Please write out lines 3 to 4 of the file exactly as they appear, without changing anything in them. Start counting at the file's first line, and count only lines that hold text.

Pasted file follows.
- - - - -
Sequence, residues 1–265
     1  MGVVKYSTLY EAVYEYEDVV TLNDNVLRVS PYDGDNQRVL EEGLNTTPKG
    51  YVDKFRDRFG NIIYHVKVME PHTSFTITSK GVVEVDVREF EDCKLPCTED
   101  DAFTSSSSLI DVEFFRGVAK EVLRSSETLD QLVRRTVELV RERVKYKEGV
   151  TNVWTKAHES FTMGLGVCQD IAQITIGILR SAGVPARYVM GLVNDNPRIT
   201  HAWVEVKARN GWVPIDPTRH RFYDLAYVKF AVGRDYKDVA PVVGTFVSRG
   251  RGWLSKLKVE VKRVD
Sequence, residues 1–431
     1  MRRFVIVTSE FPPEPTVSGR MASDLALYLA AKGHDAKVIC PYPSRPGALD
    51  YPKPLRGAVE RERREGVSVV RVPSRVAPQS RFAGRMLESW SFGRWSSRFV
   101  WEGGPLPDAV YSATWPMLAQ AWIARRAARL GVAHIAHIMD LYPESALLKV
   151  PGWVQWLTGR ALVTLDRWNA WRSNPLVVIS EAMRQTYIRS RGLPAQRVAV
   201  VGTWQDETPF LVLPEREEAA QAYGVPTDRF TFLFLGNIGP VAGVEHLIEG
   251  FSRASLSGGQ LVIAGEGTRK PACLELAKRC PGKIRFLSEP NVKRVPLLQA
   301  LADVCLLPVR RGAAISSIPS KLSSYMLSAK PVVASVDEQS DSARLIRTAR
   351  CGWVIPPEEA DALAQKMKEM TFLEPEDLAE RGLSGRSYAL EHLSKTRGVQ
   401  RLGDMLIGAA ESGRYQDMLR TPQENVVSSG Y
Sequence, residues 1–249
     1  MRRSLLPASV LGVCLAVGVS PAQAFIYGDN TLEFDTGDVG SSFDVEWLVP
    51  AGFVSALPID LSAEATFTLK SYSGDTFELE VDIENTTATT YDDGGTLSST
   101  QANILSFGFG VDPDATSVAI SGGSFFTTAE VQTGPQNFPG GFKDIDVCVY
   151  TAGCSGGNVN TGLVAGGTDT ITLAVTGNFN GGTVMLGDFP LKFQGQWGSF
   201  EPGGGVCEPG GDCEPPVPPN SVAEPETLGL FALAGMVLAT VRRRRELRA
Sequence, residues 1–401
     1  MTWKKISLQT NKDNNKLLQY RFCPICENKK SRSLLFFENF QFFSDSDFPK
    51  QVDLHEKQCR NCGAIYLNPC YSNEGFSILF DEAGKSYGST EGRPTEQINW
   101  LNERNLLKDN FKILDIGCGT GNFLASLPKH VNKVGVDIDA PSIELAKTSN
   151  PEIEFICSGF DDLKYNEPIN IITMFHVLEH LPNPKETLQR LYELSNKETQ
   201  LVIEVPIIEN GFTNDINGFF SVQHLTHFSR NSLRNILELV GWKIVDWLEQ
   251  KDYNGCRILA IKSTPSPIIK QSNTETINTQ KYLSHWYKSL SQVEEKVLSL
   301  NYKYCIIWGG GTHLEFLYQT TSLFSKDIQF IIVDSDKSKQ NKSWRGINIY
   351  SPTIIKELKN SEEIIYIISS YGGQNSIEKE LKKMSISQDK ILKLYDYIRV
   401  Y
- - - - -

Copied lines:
    51  YVDKFRDRFG NIIYHVKVME PHTSFTITSK GVVEVDVREF EDCKLPCTED
   101  DAFTSSSSLI DVEFFRGVAK EVLRSSETLD QLVRRTVELV RERVKYKEGV